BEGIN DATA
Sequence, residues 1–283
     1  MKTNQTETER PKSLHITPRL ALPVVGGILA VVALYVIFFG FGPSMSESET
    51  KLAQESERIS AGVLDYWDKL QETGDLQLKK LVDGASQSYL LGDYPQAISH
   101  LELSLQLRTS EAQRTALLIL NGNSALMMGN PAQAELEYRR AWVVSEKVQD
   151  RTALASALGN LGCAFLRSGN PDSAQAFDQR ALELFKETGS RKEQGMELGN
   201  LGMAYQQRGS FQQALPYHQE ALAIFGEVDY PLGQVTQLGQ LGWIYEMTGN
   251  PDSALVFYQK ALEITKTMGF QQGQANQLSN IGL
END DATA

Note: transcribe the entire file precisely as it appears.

Sequence, residues 1–283
     1  MKTNQTETER PKSLHITPRL ALPVVGGILA VVALYVIFFG FGPSMSESET
    51  KLAQESERIS AGVLDYWDKL QETGDLQLKK LVDGASQSYL LGDYPQAISH
   101  LELSLQLRTS EAQRTALLIL NGNSALMMGN PAQAELEYRR AWVVSEKVQD
   151  RTALASALGN LGCAFLRSGN PDSAQAFDQR ALELFKETGS RKEQGMELGN
   201  LGMAYQQRGS FQQALPYHQE ALAIFGEVDY PLGQVTQLGQ LGWIYEMTGN
   251  PDSALVFYQK ALEITKTMGF QQGQANQLSN IGL